I spent this week with professor JC Poutsma’s analytical chemistry lab, which stands at the exciting interface between chemical instrumentation and biological analysis. The lab uses mass spectrometry to study the acid and base properties of gas-phase biomolecules. Mass spectrometry is an analytical chemistry technique that helps identify the amount and type of chemicals present in a gas-phase sample; it measures the mass-to-charge ratio and the free ions present in the gas. For this reason, Poutsma describes his lab as an “instrumentation lab,” and they use strictly analytical techniques to answer their questions about the intrinsic properties of biomolecules. In the gas phase, one can study these molecules while they’re in a state that is unaffected by any outside influences, as these molecules could be if they were in solution. In this assembly, the molecules in question can serve as model systems that shed light on the “subtle interplay between structure and function in biological molecules,” as described on the lab’s webpage (see link below).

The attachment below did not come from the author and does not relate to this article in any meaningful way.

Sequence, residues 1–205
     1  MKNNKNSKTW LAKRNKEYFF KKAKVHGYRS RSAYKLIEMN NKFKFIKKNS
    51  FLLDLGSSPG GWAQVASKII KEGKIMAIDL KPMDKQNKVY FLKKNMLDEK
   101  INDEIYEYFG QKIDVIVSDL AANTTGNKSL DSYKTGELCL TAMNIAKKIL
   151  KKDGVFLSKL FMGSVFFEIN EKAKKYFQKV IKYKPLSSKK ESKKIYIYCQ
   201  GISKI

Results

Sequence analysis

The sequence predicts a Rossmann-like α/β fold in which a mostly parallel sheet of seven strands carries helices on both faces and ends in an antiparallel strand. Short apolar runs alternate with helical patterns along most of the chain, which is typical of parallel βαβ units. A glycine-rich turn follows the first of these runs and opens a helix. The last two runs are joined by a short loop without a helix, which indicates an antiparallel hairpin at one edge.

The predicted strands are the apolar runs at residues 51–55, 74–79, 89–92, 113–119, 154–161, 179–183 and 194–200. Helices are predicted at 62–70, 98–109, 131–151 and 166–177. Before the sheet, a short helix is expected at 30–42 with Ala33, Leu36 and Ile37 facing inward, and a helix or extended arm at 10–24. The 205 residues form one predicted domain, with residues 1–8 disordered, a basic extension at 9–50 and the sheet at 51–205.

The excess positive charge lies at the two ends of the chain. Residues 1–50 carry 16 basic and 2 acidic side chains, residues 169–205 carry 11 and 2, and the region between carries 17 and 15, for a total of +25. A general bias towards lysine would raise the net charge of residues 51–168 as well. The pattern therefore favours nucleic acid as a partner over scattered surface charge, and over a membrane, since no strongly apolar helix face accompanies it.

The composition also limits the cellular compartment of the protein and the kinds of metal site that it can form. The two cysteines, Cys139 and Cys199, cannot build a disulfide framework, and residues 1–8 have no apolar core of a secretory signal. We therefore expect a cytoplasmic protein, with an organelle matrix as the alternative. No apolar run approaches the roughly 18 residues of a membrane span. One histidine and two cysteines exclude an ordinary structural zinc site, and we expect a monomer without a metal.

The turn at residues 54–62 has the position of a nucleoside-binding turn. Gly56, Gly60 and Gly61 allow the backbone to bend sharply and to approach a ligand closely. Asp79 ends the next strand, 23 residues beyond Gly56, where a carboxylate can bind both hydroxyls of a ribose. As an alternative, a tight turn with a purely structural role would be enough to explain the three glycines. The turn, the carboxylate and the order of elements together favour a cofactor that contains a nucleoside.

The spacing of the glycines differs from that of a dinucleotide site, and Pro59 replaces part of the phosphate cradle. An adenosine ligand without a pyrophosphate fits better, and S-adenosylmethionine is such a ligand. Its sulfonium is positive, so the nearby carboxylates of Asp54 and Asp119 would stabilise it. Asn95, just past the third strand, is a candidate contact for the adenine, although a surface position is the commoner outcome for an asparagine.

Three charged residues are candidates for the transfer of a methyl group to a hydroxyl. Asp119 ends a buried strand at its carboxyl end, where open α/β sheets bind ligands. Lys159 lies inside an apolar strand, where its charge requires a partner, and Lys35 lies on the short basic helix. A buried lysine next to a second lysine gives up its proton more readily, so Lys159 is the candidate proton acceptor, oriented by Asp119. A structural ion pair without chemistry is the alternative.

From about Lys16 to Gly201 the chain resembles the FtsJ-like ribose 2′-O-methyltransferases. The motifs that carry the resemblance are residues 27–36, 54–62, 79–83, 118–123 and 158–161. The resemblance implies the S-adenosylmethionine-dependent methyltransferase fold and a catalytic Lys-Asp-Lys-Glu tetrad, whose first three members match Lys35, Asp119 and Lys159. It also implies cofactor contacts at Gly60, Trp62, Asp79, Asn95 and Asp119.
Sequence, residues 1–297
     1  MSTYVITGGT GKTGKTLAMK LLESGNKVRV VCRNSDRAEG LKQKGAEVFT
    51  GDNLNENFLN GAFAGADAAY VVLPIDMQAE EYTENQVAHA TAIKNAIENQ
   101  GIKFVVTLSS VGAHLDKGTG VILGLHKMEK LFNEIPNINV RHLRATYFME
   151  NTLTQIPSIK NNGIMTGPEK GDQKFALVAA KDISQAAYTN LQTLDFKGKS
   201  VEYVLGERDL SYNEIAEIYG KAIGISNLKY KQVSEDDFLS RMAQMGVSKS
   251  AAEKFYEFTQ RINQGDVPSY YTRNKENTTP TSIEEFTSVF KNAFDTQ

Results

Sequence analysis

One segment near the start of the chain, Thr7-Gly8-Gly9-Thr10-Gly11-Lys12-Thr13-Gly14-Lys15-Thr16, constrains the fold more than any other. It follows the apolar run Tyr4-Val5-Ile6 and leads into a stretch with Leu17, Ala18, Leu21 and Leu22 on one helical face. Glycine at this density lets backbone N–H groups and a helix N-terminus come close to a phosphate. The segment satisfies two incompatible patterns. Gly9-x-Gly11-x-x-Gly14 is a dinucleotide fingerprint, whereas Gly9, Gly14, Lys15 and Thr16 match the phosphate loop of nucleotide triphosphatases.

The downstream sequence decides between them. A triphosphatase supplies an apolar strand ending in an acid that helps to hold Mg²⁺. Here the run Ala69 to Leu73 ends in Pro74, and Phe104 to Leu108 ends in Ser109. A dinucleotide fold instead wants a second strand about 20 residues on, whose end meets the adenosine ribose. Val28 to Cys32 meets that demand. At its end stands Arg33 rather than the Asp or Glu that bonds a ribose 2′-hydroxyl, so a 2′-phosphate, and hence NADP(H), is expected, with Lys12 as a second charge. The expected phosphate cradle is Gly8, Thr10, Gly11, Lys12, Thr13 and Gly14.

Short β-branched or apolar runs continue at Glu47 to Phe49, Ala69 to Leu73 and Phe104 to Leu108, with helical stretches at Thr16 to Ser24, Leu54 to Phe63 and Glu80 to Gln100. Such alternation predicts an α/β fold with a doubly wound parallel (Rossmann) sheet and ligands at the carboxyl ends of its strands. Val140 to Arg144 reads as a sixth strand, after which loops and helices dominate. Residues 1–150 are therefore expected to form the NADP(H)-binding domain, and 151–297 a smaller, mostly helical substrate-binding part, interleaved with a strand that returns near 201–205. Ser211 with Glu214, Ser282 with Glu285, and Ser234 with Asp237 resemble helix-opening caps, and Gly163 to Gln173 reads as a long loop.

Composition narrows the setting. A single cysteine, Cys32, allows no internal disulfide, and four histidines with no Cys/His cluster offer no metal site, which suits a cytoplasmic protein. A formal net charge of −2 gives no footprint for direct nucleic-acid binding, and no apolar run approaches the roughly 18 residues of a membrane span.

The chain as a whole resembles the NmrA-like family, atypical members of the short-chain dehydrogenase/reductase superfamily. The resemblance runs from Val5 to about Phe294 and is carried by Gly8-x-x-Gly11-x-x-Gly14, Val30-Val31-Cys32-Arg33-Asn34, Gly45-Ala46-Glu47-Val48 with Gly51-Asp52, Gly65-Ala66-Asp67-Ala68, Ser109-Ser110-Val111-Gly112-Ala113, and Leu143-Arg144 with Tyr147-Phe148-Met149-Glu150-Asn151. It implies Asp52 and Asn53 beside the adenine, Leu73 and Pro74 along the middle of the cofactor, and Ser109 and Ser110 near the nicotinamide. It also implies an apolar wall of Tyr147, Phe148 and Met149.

The molecular relationships explored in this lab can be described on three levels: gas-phase biophysical chemistry, gas-phase proteomics research and hydrogen/deuterium exchange. What drew me to this lab was Poutsma’s fascinating application of analytical chemistry methods to answer proteomic questions. Poutsma said he finds the investigation compelling because he prefers problems with one answer and a quantitative number base.
Those of us for whom the phrase “mass spectrometry” rings a bell probably associate that term with the tricky final unit of Organic Chemistry I. In that class, it is described as a method of mapping out the structure of certain molecules in the gas phase, but Poutsma’s lab alternatively uses this term as a means of describing structure of fragmented proteins. To do this, large proteins are ionized or cut using enzymes into smaller peptides. They are then subsequently introduced into the mass spectrometer and identified using techniques known as “peptide mass fingerprinting,” in which the found mass is compared to the masses of other proteins stored in a database, or “tandem mass spectrometry,” where a number of synchronized mass spectrometers work together to characterize molecules. Their work helps us understand how certain molecules in the body are synthesized and how they interact with pharmaceuticals.